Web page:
NEW YORK (Legal Newsline) -- Chevron CEO John Watson must be deposed by the attorneys for a group of Ecuadorian plaintiffs being sued by the oil giant, a federal magistrate judge ruled Tuesday.
Magistrate James Francis for the U.S. District Court for the Southern District of New York wrote in his 10-page memorandum and order that "there is little doubt" that Watson has "relevant knowledge."
The judge noted that Watson led Chevron's successful merger with Texaco Petroleum Company in 2002, giving him "personal knowledge of the environmental issues underlying the Ecuador litigation."
"As Chief Executive Officer, he has, of course, monitored litigation that creates potential liability for Chevron in the tens of billions of dollars," Francis wrote, denying the company's motion to quash his deposition.
"Enough is at stake to justify the deposition of an apex witness like Mr. Watson."
Francis also denied a motion by Chevron to block a deposition from an official from the corporate spy firm Kroll, which was implicated in a bribery scheme in which an attorney from Chevron and an unnamed Kroll official allegedly provided a cache of cash to a provincial judge in Ecuador, Alberto Guerra, paying him for a failed effort to influence the judge who ultimately decided the case and assessed the $19 billion judgment against the oil company.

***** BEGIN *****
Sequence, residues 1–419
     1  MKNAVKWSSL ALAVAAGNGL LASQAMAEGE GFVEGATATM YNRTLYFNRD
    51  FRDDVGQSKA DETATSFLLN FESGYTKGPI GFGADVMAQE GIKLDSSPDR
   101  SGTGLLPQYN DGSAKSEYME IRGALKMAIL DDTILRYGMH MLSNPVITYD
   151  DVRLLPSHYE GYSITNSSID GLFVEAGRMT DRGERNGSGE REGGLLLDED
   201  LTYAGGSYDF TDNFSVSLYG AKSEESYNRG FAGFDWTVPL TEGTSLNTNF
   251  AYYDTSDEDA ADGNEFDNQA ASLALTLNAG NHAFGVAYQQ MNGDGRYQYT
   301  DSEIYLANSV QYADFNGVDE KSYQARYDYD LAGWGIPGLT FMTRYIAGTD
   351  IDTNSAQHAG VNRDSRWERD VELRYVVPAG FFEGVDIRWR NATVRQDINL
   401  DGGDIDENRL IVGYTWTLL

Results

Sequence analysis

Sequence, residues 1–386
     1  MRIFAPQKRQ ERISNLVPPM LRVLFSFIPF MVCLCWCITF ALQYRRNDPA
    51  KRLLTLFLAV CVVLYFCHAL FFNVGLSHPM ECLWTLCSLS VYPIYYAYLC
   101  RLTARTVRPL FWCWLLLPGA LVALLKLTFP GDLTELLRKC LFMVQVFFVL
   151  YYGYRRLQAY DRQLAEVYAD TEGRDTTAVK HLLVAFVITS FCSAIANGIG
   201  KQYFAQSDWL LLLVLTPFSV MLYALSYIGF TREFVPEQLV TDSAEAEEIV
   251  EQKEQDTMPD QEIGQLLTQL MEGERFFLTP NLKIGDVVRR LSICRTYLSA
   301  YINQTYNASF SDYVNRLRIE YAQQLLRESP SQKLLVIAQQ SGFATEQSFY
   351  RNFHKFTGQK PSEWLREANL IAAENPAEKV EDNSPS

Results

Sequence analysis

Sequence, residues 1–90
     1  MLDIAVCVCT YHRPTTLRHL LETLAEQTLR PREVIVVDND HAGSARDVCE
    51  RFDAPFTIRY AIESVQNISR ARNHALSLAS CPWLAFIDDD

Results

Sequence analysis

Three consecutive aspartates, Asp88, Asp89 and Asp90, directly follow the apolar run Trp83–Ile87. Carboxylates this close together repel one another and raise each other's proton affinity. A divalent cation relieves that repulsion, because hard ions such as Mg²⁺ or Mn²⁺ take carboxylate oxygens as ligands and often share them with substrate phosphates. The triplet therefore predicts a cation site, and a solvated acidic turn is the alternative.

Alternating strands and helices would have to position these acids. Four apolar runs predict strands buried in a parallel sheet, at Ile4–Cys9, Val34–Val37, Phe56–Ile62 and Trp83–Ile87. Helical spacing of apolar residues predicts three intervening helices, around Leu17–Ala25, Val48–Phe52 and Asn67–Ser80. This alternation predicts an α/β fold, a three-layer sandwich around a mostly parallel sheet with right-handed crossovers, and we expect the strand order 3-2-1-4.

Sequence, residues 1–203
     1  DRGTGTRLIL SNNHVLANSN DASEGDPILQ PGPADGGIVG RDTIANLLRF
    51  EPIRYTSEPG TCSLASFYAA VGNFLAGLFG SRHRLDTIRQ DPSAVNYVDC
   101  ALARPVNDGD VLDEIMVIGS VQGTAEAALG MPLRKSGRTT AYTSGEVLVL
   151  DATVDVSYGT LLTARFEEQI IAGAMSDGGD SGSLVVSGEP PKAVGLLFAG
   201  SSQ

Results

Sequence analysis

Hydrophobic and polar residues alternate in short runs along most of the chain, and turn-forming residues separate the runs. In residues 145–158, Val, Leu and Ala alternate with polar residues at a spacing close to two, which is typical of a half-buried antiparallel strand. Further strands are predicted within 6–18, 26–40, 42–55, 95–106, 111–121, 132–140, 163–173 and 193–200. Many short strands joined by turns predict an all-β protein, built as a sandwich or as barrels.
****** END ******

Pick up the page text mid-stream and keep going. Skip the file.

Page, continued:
In addition, Francis found that Edward B. Scott III, vice president and general counsel of Chevron's Global Upstream and Gas Group, also must appear for deposition.
Read the magistrate judge's full memorandum and order here.
Pablo Fajardo, lead counsel for the Ecuadorians, called the magistrate's ruling an "uncommon victory," noting presiding Judge Lewis Kaplan's continued bias.
"Now CEO Watson and Kroll's investigator can confirm what we already know: that Chevron's bullying and bribery is part of a strategy hatched in Ecuador even before the ruling to avoid paying for remediation and the health and other needs of the affected people," Fajardo said in a statement following Francis' order Tuesday.
The company said in a statement that it will "of course" comply with all orders of the court, "as it participates in the discovery process that continues to expose the plaintiffs' lawyers' fraud."
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